Wednesday, December 15, 2010

Recipe: Black

Once again, I must thank Warhammer 39,999 for inspiring this week of recipe posts. On Monday, I posted my Stone and Bone recipe after he asked about the combinations involved. Today, I’ll be posting the antithetical color on my palette, Black. Warhammer 39,999 gets a double nod here again because his own efforts have made me rethink my approach to the color.

In the past, I often just left black as black. Almost all my efforts to highlight black tended to work against my goal and left the color looking either gray or worse; however, I noticed with some considerable interest that WH 39.9K tends to use a generous amount of blue-gray in his highlights, and that got me thinking. Here’s what I came up with.

Chaos Black starts the process, naturally. 


I then highlight pretty widely with Midnight Blue. I’m always amazed at how much like black this hue of blue looks, particularly once it has dried. On more than one occasion, I’ve had to really look closely at a model that I’d set aside to remember if I’d already gone past it with Midnight.


I follow that coat quite quickly with another more selective and delicate highlight of Midnight and Regal Blue blend. 


Although this next step tends to make the desired area look alarmingly blue, or at least demonstrably not-black, I follow along with a more selective layer of just Regal Blue, or a Regal Blue and Codex Grey mixture (and sometimes both).


Two notes:

-one) in days of yore, I either left black alone entirely or highlighted it with pure variations of gray. I will never do so again. Now, I much prefer either brown hues or blue tones –as noted here.

-two) the trick here –in my humble opinion- is not to get carried away with highlighting. I’ve exaggerated more than I normally do for the photos here, and the effect looks a bit clumsy if not garish at this point. A little color will do a lot to make the black look rich, deep, and complex. Too much highlighting will invariably just make the black look either gray or blue, which is the exact opposite of my goal.

Often, the following is my final step –in which case I finish by washing a mixture of aggressively thinned Blue and Black Wash over the whole surface that I want black. This step is the key because it invariably blends the dramatic highlighting from the previous step, brings the range away from blue, and emphasizes the black once more. I should mention that I tend toward much more Black than Blue in the washes again to be sure that the final result looks sufficiently black and doesn’t drift from that purpose.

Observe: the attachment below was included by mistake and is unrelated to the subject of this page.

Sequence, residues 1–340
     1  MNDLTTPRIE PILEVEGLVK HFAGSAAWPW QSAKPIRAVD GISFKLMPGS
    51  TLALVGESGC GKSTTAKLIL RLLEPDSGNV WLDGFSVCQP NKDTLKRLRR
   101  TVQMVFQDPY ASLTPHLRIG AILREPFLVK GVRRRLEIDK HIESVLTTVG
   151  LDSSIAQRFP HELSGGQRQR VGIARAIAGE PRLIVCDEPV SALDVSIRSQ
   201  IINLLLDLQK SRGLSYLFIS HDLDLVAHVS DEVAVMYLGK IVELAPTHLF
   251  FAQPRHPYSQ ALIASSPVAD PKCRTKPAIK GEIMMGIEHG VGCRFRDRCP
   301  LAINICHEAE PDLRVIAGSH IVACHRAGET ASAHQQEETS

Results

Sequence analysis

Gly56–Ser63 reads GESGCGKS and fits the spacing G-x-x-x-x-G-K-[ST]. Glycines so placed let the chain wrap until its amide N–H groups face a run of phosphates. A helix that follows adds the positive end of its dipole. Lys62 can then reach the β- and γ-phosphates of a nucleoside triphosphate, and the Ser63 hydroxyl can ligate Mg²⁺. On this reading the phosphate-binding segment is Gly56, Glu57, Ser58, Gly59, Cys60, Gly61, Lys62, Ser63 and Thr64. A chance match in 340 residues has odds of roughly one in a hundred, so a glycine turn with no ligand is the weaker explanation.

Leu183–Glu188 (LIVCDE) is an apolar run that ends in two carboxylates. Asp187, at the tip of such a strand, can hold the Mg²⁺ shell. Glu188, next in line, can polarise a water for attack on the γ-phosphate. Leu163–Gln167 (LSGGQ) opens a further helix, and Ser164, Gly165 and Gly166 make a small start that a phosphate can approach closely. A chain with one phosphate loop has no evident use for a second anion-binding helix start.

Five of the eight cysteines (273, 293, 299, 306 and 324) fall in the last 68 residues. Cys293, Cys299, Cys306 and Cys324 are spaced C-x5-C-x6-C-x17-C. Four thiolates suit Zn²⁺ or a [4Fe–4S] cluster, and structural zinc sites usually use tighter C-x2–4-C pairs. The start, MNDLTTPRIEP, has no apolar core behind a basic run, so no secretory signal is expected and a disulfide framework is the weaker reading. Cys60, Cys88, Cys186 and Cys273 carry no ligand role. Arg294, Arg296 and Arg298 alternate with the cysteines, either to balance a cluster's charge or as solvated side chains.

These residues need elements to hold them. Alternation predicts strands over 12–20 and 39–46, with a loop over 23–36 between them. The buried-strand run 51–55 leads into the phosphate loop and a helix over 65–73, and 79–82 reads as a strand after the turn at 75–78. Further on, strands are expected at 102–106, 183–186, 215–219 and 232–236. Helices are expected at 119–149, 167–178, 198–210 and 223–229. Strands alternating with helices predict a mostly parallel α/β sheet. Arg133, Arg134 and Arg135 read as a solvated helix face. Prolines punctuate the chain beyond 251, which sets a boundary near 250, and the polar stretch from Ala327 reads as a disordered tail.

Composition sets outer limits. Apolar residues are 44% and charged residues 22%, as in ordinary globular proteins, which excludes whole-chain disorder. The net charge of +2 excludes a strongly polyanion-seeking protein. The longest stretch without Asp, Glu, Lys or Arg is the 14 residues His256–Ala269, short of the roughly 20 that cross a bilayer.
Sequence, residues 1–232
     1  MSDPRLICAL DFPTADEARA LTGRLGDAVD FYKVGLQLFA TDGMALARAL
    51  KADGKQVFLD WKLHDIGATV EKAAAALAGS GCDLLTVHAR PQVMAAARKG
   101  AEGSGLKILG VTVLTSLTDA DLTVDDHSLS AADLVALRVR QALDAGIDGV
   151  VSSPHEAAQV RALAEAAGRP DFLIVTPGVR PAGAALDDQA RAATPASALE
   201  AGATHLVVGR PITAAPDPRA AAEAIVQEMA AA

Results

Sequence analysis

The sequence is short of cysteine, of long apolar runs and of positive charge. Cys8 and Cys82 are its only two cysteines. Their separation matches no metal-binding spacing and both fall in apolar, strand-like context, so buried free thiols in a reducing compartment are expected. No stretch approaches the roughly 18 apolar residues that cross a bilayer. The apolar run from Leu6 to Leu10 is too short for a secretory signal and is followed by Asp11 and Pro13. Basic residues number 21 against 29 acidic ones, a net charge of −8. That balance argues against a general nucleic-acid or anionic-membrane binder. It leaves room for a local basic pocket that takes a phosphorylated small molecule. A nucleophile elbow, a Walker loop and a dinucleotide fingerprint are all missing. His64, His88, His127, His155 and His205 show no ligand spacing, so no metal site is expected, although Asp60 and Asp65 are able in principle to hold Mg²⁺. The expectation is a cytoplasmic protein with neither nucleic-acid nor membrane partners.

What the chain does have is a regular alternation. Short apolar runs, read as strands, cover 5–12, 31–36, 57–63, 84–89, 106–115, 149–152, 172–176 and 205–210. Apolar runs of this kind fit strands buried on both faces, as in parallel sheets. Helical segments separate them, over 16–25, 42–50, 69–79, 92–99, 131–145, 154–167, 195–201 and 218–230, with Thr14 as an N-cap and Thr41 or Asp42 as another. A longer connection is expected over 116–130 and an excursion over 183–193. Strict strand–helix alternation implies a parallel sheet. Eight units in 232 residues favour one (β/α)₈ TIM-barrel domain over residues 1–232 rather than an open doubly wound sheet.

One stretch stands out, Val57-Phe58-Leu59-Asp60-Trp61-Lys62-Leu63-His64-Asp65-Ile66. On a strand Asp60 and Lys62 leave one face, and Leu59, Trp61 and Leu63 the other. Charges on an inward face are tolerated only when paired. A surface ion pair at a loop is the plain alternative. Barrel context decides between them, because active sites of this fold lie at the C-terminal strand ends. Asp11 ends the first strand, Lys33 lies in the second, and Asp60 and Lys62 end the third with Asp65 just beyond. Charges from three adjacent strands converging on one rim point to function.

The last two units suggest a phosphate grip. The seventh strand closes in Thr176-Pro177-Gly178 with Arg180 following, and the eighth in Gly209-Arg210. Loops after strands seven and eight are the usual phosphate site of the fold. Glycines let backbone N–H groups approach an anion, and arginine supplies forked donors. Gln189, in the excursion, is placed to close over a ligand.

If I’m inclined to make the piece a bit more dramatic, or if it’s just plain necessary, I can always make room for one more extreme-edge highlight of the final Regal-Codex highlight from before the wash –sparingly, sparingly, sparingly.

 
And so there he is. My WWI Flying Ace of a Commissar now has a name, Commissar Conte F. Barraca. More on him in a week or so. 
 

9 comments:

Loquacious said...

I have been deeply considering a black recipe that doesn't involve black. I have to have a guy or two to test it on (I think I have a spare SM guy around somewhere), but if I manage it, I'll share.

I like the blue a lot, but I'm not sure how it will pan out on anything I paint. Blue & I are not friends.

Atreyu@4:44 said...

I struggle with this colour, as well. The next time, I'm going to try Codex Grey with successive Badab Black layers and see how it turns out. It may not be very good, but we'll have to see!

Nuclear said...

I have found that khaki provides a very nice highlight for black that isn't grey. The GW commando khaki is one of their least pigmented paints, so you can be pretty liberal with adding it to black each layer.

Works best on models that are predominately browns, reds, or greens I have found.

Bartender said...

Shadow grey is also good?

Warhammer39999 said...

Shadow grey has always been my prefered highlight color, and I like to use midnight black in the base (or was it deadly nightshade?)--though I'm not sure if they even make those color anymore?

Thanks for the tutorial though, it's nice to know in case I ever want to duplicate the effect.

Deadmeat said...

Interesting take on the black. I'll have to ask my art major buddy.

Keep them coming Smoove.

Papa JJ said...

Great timing, just what I needed for my knight. Thanks, b.!

Karitas said...

I always use a dark grey in place of a Black midtone.

The thing to remember is, you can't go darker than black, so black has to be your final shadow colour.

You can go as far as to use white as your highlight too, to create a specular highlight on something shiny, but really, how dark you want the finished product should dictate the palette you use, just selecting black for the deepest shadow.

I find VMC Basal Grey makes a good midtone for black personally.

oh yeah, plus, I'm not dead :)

b.smoove said...

@ Loquacious. I'd like to hear about what you come up with.

@ Atreyu. That's an interesting idea, and I'd be really curious to see how you develop that. I think with enough layers, you'd be able to create a strong black effect, but I'd be interested to hear how you keep the whole thing from staying too gray... Keep me posted.

@ Nuclear. Khaki. Now that's an idea I've never, ever seen. Thanks for the tip. I'll be giving that a try as soon as I can. Cheers!

@ Bartender. I think Shadow would work perfectly, as the mixture I come up with looks very, very similar. Good thinking.

@ WH39.9K. I hope that you are able to make it work. Let me know when/if you try. (a little birdie told me that the good arrived. Let me know how that is going as well).

@ Deadmeat. Please pass along what you find out. I love to get that kind of feedback from someone who really knows about this business.

@ Pappa JJ. I am to please.

@ Karitas lives!!! welcome back my good man. Absolutely nothing has changed since we last spoke, except that I've got something I'd like you to look at.